Issue with group-level effects using 0-1-inflated beta family


#1

Hi,

I have been working on a model that on the surface seems easy but has proved challenging for me. I have a proportional response variable y that represents proportion of presence of a species in a habitat, and a predictor x which represents a body measurement. There are 112 measurements from 20 species. The data are included in the .csv below. It is important to note that, though not shown here, this is a phylo regression model that will hopefully be used to predict y for species of unknown habitat affinity.

As the response includes ones and zeros, I am trying out the zero-one-inflated beta family. The simplest model seems to work ok.

mod1 <- brm(
  y ~  x , data = data, 
  family = zero_one_inflated_beta("logit"),
  iter = 4000, 
  prior = c(
    set_prior("normal(0, 50)", class = "b", coef = "x"),
    set_prior("normal(0, 50)", class = "Intercept")
  ),
  control = list(adapt_delta = 0.95, max_treedepth = 15),
  cores = parallel::detectCores()
)

Summary and marginal effects plot:

 Family: zero_one_inflated_beta 
  Links: mu = logit; phi = identity; zoi = identity; coi = identity 
Formula: y ~ x 
   Data: data (Number of observations: 112) 
Samples: 4 chains, each with iter = 4000; warmup = 2000; thin = 1;
         total post-warmup samples = 8000

Population-Level Effects: 
          Estimate Est.Error l-95% CI u-95% CI Eff.Sample Rhat
Intercept   -10.18      1.16   -12.45    -7.93       3639 1.00
x            14.26      1.74    10.89    17.68       4161 1.00

Family Specific Parameters: 
    Estimate Est.Error l-95% CI u-95% CI Eff.Sample Rhat
phi     3.30      0.58     2.27     4.54       3901 1.00
zoi     0.25      0.04     0.17     0.33       6862 1.00
coi     0.24      0.08     0.10     0.41       6243 1.00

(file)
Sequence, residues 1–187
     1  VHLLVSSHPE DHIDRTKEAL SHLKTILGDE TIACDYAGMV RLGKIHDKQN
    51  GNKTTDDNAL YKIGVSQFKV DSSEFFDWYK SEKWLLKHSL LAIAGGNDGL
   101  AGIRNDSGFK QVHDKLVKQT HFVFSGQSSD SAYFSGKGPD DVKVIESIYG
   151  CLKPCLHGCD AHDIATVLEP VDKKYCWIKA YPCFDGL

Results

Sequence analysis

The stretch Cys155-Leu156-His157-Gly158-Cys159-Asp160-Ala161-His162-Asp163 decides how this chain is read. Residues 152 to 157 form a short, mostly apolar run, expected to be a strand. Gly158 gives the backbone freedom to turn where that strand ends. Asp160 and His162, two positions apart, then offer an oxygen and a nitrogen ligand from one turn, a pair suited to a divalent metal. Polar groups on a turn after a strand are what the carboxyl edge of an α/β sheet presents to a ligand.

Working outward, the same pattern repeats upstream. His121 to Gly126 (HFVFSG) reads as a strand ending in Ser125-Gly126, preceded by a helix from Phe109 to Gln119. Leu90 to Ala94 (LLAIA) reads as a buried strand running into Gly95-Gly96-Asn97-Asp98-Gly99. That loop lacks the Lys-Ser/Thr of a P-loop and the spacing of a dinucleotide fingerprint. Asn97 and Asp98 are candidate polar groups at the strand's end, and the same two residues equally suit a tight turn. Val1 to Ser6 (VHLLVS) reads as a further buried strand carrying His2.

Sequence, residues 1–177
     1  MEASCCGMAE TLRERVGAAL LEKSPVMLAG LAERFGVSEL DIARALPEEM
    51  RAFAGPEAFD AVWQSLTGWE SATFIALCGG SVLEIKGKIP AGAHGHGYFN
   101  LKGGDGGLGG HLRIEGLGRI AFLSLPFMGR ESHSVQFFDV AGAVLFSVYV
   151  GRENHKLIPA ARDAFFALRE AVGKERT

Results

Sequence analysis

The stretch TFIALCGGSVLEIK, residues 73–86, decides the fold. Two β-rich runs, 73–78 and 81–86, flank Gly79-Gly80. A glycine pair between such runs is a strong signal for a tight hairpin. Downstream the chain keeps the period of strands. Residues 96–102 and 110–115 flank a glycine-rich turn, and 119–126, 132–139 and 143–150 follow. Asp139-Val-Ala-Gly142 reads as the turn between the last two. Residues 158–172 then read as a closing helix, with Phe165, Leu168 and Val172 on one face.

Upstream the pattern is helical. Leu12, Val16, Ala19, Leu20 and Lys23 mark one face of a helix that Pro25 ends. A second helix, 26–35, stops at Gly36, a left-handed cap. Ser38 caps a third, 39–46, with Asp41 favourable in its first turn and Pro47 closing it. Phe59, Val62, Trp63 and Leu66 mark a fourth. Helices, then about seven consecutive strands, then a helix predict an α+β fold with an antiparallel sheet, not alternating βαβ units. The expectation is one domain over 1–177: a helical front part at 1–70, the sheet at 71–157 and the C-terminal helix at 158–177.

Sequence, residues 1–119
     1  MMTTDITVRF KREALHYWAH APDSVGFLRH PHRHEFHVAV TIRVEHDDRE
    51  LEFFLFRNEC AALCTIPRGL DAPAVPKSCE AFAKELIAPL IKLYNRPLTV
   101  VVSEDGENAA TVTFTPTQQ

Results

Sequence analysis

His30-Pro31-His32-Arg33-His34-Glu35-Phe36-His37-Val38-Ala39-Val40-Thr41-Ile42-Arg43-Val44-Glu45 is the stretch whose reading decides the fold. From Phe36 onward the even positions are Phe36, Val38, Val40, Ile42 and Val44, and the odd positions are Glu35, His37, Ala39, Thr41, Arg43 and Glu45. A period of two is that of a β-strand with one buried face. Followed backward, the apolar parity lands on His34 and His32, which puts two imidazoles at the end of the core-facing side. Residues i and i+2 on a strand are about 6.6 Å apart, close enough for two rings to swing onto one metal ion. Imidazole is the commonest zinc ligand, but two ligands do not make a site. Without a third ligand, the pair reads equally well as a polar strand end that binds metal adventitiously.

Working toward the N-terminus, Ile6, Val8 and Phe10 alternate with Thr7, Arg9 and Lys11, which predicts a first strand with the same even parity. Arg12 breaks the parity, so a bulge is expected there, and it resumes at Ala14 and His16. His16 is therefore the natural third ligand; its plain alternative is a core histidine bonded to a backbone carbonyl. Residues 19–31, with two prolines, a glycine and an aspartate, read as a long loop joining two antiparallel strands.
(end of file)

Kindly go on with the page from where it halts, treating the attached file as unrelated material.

However when I apply the group effect (1 | Species) to account for within-species measurement error, my results seem off

mod2 <- brm(
  y ~  x + (1 | Species), data = data, 
  family = zero_one_inflated_beta("logit"),
  iter = 4000, 
  prior = c(
    set_prior("normal(0, 50)", class = "b", coef = "x"),
    set_prior("normal(0, 50)", class = "Intercept")
  ),
  control = list(adapt_delta = 0.95, max_treedepth = 15),
  cores = parallel::detectCores()
)

Summary:

Group-Level Effects: 
~Species (Number of levels: 20) 
              Estimate Est.Error l-95% CI u-95% CI Eff.Sample Rhat
sd(Intercept)     2.80      0.67     1.85     4.44       1553 1.00

Population-Level Effects: 
          Estimate Est.Error l-95% CI u-95% CI Eff.Sample Rhat
Intercept    -1.89      0.82    -3.54    -0.23        897 1.00
x             0.01      0.19    -0.35     0.39       8000 1.00

Family Specific Parameters: 
    Estimate Est.Error l-95% CI u-95% CI Eff.Sample Rhat
phi  3552.77    589.72  2502.62  4813.25       8000 1.00
zoi     0.25      0.04     0.17     0.33       8000 1.00
coi     0.24      0.08     0.11     0.40       8000 1.

You cans see that the mean for x goes to 0, and the phi error is very large. I’ve tried a few reasonable group-level priors and nothing changes. I would expect some variation in the results, as there is certainly intraspecific variation in the measurements, but this seems like a bit much.

  1. With my limited experience modeling, I am not sure if this is “working” and the variance cancels out any population-level effect, or if this is a bug, or if I am just not understanding this inflated beta family.

  2. Perhaps the problem is bigger. Looking at the data in the plot, does zero-one-inflated beta seem like a good family selection? My most extreme x values are not ones or zeros. I have tried out ordinal models but the strong bimodal distribution in the data leaves few intermediate values. Any advice on this would be very helpful!

Thanks for your time

Test_Data.csv (3.2 KB)

  • Operating System: OSX 10.11.6
  • brms Version: 2.3.4

#2

Phi is a precision parameter which means that higher values imply less variation. Perhaps this answers your question already?


#3

Thanks for responding Paul.

I’m not sure I understand, but my guess is that the large within-group variation decreases the between group variation, resulting in a large phi and a bx value close to 0, and suggesting no effect of x on y.

It looks like I have more research to do. Thanks again for the help